Confirming if relative received medal in WW1 before death


I have this medal record (I blurred some of it) for Sidney Truckle:

enter image description here

We know that Sidney died on 15th August 1915 in Gallipoli, Canakkale, Turkey.

On this "Medal" card it states that he was "Killed in action". Yet the qualifying date is 9th July 1915.

I then looked at this Regiment or Corps when Decoration was earned document (names blurred):

enter image description here

I can see that it originally had the same date (9.7.15) . But then it was crossed out and changed to 7.8.15, even though the remarks state he was killed in action on 15.8.15.

I am trying to build a picture here. Did Sidney actually receive his medal, or did it never happen and it was granted him after his death? I am not sure exactly what this information is telling me.

Andrew Truckle

Posted 2020-11-18T11:10:59.863

Reputation: 1 983

1My belief is that since you already have the images, and simply need interpretation, then "Fair Use" applies and there was no need to blur out the details on the Index Card. Indeed, if your relative had had a common name, it would have been a pointless query. It's not as if you're asking for a look up - if you had been, I wouldn't have put the images in, I'd have just given you the index values to find them yourself. But that's the other way around that I mention solely to show the difference. – AdrianB38 – 2020-11-18T19:35:06.447

I assume you downloaded the card free from the National Archives? In which case applies @AdrianB38. The information is subject to Fair Use I think but not the images.

– ColeValleyGirl – 2020-11-19T10:23:43.453

@ColeValleyGirl - I'm now confused about what those links mean. My personal interpretation of the first link ("private study or research for a non-commercial purpose") would stretch it to cover requests for help in interpretation - as here. But maybe that's just me? See 2nd comment to follow. – AdrianB38 – 2020-11-19T11:44:18.247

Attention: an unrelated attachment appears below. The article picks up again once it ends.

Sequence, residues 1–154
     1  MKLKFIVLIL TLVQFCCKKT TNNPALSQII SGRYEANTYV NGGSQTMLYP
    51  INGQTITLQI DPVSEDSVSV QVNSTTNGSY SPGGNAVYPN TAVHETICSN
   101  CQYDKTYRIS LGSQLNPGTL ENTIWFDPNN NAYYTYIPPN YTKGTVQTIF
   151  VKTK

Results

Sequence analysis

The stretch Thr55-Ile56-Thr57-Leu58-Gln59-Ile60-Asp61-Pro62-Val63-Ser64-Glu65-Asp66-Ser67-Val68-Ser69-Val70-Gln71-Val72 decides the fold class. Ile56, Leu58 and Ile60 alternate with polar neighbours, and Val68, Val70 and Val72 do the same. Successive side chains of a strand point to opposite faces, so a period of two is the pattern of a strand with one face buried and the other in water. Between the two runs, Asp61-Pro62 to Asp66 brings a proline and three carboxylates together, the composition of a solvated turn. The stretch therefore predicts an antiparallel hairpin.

(2) The second link is confusing - you've interpreted it as licencing the info but "not the images", if I understand you. The OGL refers to "Use of copyright and database right material expressly made available under this licence (the 'Information') ". And it says "You are free to: copy, publish, distribute and transmit the Information;" I would interpret that as "the Information" in terms of the definition in the OGL, which covers "copyright ... material expressly made available under this licence". That would, in my own view, cover the images because they are the copyright material. – AdrianB38 – 2020-11-19T11:46:40.647

Do we need to take this into the Meta? – AdrianB38 – 2020-11-19T11:49:41.590

Yes, re meta. I agree it's confusing but having dealt with TNA on images before they do seem to make a distinction. Those images were tithe maps -- they were very happy for me to create content based on the information in the maps, but not to reproduce the maps. – ColeValleyGirl – 2020-11-19T12:09:33.247

@AdrianB38 is explicit: "You must obtain permission from the Image Library of The National Archives for the reproduction of copies of records, which are protected by Crown copyright for publication, on the internet, for broadcasting, for exhibition or for any commercial purpose. "

– ColeValleyGirl – 2020-11-19T12:12:23.067

I know that when I have purchased certificates from my local archive centre I was permitted to add them to my personal family tree because it was not "public". And, I had to add a "watermark" to the image. Since I had to sign up to Fold3 to obtain these medal certificates I was reluctant to expose the full image in a "public" setting. I did not want to get myself or anyone else in trouble. – Andrew Truckle – 2020-11-19T12:14:45.130